COM0011 – Blog 3 – How much should you spend on a phone?

That depends, how much money would you like to earn this year?

When it comes to my smartphone, I spare no expense. That didn’t happen right away, I eased into better and better devices over the years as I renewed cellular contracts or inherited old phones from friends. Finally I realized that if I want to be competitive in any industry that relies on communication of any kind to earn an income, then I should have a high-end handheld device and a fast, reliable service plan so that when customers are connecting with me, I’m ready.

I remember the first turning point was many years ago when I used my PC laptop for emailing and a Motorola flip-phone for texting and phone calls. One day I went to a client’s house for a service call that we had scheduled by email, and when I arrived, they informed me that they had sent me a cancellation hours ago…by email. I went back to my car, quite put out that I had wasted my time going over there, and decided that I needed my first smartphone so that I could receive emails on the go.

How much should you spend on a phone?

My second turning point was when my trusty IPhone 4S was starting to act bizarrely, not rendering my location correctly on maps when I was on a service call, and not ringing when someone was calling me. I hemmed and hawed over paying for a new, better device when it dawned on me that no matter the cost of the device, it won’t be anywhere close to the amount of income I could lose if customers can’t get a hold of me.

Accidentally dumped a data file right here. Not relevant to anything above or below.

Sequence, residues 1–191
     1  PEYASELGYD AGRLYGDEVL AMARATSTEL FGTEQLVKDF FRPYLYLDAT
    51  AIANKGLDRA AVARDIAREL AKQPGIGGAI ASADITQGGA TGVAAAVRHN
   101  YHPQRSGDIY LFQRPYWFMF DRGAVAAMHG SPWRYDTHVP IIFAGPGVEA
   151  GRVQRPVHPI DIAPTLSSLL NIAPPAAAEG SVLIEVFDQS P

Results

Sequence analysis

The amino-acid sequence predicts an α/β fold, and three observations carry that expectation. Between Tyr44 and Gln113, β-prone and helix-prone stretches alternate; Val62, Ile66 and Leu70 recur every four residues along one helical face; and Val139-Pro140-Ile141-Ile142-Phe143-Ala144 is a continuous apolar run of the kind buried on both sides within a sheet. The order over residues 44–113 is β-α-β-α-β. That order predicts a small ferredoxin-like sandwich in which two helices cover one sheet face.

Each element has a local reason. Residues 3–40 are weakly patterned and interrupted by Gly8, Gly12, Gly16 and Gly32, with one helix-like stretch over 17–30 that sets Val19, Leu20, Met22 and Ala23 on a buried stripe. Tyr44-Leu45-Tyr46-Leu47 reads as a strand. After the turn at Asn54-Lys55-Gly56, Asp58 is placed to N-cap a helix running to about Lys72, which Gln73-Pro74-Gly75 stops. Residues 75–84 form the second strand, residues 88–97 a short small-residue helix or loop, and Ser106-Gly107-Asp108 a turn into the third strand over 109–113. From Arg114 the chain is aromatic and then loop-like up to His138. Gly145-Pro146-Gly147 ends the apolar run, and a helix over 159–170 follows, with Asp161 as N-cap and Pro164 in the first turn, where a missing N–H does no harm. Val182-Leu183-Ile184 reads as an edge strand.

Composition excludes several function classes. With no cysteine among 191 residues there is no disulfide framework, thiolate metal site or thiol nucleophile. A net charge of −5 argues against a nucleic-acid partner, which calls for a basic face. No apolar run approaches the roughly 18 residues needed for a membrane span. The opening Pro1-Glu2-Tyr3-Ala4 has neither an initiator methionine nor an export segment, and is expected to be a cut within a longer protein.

Studies exploring the social differentiation of wireless users indicate a clear correlation between income and mobile technology. Generally, people of a higher income are more connected, whether it’s by home or mobile internet. One may argue that it is because of their higher income that they can afford these luxuries at all, but it isn’t a pattern that you should disregard. Certainly if you want to make yourself more employable you need to make yourself more visible, and your online presence is much harder to curate when you’re only viewing your emails or logging into Facebook once a day from your desktop computer because you’ve used up all your data for the month or you don’t have the necessary apps. Just imagine that your competition in the job market are updating multiple social accounts and replying to emails and messages within an hour. You need an awesome handheld device if you want to keep up.

This being said, some people are happy with their life, and happy with their device. This post isn’t for them, though. It’s for anyone who wants to be competitive in a technologically driven world and is hesitating over a device upgrade. You may eventually come to realize that not only does it replace all form of gadgets and make your life easier; the cost of it is a drop in the bucket to the amount of income you intend to earn this year. It hardly seems reasonable to expect to increase your salary if you don’t increase your skills, availability, knowledge, and savvy, and your communication tools are no small part of that development.

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